The greatest fear once held by those whose work had to do with extended stays in forested and wild areas was linked to the mythological creatures - samodivas.
Ethnologists suggest that samodivas are similar to the dangerous nymphs of Greek mythology and mermaids. Bulgarian tradition has taken the mythical beings and transferred them to the mountains, and into the cultural reality of the people. In the mythological sense, samodivas are a mediator between the earthly and unearthly, metaphysical world. However, their beautiful appearance is taken from Slavic customs.
Samodivas combine within themselves a human form and supernatural abilities. They appear at The Annunciation celebration until the end of August. They live in dark, shady places and love to circle dance in the samodiva style. Anyone who witnesses it is doomed to die.
Samodivas dress in white. They have blond and red hair, as well as light-colored eyes. In traditional beliefs, the light eyes form a connection with "forbidden" worlds and that is why they can be very dangerous. Generally, they induce curses and diseases, sometimes without even wanting to.
Many legends speak of how samodivas "play around" with shepherds, because they are the ones they primarily see in the mountain. There are also many cases of love sparking between the mythical forest woman and the shepherd but this is an incredibly dangerous love for the representative of the human species. Samodivas are jealous, cause diseases, usually asthma and incurable (at the time) colds.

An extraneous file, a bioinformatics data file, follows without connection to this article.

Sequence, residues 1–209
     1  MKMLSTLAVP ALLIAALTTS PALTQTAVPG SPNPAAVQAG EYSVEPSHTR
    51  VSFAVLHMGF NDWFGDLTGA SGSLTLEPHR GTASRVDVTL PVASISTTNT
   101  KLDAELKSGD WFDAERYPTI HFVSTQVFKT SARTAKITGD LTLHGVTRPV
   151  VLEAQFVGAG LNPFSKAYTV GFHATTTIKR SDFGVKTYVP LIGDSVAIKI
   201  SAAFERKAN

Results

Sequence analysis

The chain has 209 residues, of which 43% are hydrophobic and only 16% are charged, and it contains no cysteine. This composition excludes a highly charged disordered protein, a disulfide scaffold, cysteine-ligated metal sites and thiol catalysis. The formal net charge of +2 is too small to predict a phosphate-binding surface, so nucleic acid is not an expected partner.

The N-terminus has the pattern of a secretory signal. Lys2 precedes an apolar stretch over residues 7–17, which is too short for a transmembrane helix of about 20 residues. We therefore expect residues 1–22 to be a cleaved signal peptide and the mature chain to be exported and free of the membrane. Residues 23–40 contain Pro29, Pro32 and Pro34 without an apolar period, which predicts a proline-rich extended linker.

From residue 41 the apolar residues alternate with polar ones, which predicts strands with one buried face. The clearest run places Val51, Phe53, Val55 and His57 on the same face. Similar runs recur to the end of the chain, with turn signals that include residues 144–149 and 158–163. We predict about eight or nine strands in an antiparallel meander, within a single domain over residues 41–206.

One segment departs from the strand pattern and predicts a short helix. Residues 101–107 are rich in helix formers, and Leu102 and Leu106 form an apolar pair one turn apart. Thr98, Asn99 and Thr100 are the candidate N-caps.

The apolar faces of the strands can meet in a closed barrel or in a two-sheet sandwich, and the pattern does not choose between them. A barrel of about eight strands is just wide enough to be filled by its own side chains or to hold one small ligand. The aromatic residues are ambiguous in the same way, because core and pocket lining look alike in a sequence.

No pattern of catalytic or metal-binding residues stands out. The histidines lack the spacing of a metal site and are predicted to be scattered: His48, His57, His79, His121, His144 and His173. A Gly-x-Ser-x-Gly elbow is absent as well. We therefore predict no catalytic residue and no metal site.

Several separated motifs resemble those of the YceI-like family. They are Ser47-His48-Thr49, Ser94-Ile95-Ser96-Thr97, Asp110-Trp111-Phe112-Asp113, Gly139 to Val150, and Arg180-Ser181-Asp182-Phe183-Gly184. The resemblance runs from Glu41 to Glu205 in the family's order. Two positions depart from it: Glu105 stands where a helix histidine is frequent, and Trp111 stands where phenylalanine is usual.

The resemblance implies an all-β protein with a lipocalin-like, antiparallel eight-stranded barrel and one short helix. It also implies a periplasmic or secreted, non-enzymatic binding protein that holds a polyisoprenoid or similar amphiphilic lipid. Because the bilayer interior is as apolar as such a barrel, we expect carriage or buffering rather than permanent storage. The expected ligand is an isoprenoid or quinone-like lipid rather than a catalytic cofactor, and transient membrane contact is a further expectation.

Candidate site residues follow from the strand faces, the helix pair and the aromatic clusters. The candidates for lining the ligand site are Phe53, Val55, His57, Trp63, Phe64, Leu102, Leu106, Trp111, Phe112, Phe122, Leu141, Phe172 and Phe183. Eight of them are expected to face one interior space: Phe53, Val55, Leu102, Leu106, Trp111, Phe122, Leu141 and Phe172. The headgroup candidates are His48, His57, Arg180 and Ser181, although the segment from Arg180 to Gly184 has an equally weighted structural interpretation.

Samodivas, aside from their beauty and the tendency to kill without reason, can also heal. Through their dances, they connect with the disease that has taken hold of the shepherd and make it leave his body. Whenever they communicate with a mortal, he eases into a blissful stupor and forgets the herds, his wife and children, his entire life thus far.
These wondrous woodland creatures truly love honey and poisonous mushrooms, which they eat. One of the places where a person can find them is where ivy grows in the forest, and of course, ivy is poisonous. Their favorite plant is the burning bush.
Numerous legends exist that tell of samodivas and their relationship with regular humans. One belief goes that if a shepherd steals the white shirt of a samodiva while she is bathing, he would be able to control her, since the power of the samodiva lies in the shirt.
The existence of samodivas has not been proven and who knows if it ever will be. They are a mythological image, leading people to avoid dark forested areas. The samodiva simply embodies man's fear of the unknown and inexplicable.